The national media watch group
Updated: 4 hours 14 min ago
Rising GOP star Marco Rubio doesn't believe in climate change. But watch how the reporter who asked him about it reacts.
ABC's This Week: Edward Snowden sparked a "raging debate"--so here are two guests who don't like what he did.
This week on the show: CNN brings back Crossfire–but isn't it time to stop "debating" climate change? Plus a look at big media leaving the CIA out of their reporting on the resurgence of polio, while ABC News brings viewers an infomercial for parent company Disney.
National Journal reporter James Oliphant has discovered that the Obama White House has a very powerful weapon it can deploy against its critics: bloggers.
It's enough to make you wish Crossfire would take another break--or at least decide that the climate crisis demands an entirely different sort of debate.
There's a crucial piece of information missing in the New York Times and CBS's reports on the return of polio from near-extinction—one that these outlets know full well.
It doesn't appear that ABC bothered with the sort of normal journalistic disclosure during its segment on its parent company's theme park. Maybe it's simply too hard to keep track of all the Disney promotion they're doing.
'Both sides' are exaggerating the impact of the Keystone XL pipeline, says a Washington Post reporter. He's half-right.
On the show this week: CNN goes to Iran nuclear expert… Benjamin Netanyahu? Plus new nonsense on Benghazi, and Meet the Press presents a discussion on affirmative action with mostly conservative white guys–showing media's need for some affirmative action of their own.
Bill O'Reilly calls out the media for dishonest Benghazi coverage. But he's the one mangling the facts.
Big efforts are underway to burnish Bill Clinton's economic legacy. The New York Times does its part by failing to quote critics of Clinton's record.
USA Today's headline was "GOP Calls New Benghazi E-Mail 'Smoking Gun.'" What the memo actually proves is that "scandal" is defined as any deviation from the fantasy world jointly created by the Republican Party and its media accomplices.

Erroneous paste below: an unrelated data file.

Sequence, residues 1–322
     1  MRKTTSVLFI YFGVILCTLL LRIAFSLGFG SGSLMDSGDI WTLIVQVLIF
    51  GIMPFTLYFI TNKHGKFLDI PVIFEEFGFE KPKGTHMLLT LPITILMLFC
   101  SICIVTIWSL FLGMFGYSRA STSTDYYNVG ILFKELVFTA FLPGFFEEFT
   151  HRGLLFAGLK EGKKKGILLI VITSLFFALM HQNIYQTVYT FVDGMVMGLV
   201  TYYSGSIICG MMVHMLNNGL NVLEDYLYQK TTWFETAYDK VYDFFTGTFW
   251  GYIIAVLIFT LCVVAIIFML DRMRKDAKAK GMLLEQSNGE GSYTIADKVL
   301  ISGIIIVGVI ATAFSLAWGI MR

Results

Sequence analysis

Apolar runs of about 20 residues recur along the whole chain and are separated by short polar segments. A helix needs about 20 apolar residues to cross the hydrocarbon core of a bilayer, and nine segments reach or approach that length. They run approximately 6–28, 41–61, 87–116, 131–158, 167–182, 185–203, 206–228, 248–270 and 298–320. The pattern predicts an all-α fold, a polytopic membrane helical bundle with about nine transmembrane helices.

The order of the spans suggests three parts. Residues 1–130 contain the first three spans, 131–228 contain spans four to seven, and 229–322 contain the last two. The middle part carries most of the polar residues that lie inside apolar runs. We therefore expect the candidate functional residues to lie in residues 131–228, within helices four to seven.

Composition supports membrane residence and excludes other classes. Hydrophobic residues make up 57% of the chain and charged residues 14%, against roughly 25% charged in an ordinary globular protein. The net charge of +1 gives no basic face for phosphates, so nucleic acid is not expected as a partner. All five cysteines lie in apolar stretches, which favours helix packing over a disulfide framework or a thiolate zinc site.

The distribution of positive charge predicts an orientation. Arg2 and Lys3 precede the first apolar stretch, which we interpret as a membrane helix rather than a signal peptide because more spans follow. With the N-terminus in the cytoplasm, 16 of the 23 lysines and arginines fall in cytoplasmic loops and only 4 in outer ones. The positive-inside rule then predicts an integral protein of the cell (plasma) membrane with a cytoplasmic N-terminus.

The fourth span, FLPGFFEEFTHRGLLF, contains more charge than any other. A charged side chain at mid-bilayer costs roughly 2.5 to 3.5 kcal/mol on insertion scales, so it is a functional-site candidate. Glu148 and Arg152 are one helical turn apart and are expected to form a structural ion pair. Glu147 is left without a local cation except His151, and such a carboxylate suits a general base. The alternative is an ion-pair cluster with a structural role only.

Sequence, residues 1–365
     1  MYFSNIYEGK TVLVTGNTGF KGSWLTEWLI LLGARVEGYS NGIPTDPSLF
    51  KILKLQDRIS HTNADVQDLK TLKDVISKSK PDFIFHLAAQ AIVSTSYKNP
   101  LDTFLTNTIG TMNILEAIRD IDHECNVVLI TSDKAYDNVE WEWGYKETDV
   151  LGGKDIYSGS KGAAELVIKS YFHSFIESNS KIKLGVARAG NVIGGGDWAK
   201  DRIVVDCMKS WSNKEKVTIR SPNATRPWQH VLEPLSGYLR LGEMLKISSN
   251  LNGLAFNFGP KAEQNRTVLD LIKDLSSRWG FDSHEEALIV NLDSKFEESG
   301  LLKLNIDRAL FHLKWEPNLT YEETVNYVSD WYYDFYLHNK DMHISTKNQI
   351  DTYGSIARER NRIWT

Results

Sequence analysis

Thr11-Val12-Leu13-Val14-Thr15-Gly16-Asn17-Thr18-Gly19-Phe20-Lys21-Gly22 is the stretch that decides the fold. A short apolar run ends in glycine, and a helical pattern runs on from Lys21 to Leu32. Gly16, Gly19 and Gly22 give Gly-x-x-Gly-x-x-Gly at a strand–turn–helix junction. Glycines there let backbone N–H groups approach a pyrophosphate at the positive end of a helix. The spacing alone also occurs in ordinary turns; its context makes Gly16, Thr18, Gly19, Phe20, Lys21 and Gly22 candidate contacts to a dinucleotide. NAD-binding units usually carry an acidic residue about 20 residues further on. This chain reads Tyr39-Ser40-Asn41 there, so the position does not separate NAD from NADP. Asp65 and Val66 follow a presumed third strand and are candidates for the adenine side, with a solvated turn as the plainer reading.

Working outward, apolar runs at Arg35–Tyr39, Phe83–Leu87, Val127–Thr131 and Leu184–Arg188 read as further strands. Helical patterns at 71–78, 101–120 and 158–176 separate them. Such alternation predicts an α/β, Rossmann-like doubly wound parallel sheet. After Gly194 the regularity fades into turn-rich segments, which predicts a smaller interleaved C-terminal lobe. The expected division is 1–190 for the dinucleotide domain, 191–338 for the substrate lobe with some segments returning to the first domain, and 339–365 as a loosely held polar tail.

An NBC roundtable on affirmative action--dominated by conservative white men.
Paul Ryan says he wants to fight poverty, and he can convince reporters that he means it. But what about his actual record?
With peace talks on hold, Israeli prime minister is back on US television talking about Iran's supposed nuclear threat. Good thing for him his claims are so rarely challenged.
One of the most consistent rules in corporate media's political coverage: If you're talking about Democrats, you should point out that those who drift too far to the left could find themselves in trouble.
The New York Times has a big exclusive on Russia--and quietly walked it back a few days later. David Brooks offers his thoughts on the Mideast and Obama's "manhood," CNN finds a guest who says innocent civilians don't die in drone strikes.
The New York Times decided to walk back its story once there was skepticism about the photos they had been supplied. Will NBC do the same thing for its viewers?
It's hard to see how a move to criminalize routine discussions between government officials and members of the press is anything but an attempt to shut down such conversations.
The New York Times published a big front-page scoop documenting Russian special forces operating in Ukraine. And then they published a correction--of sorts.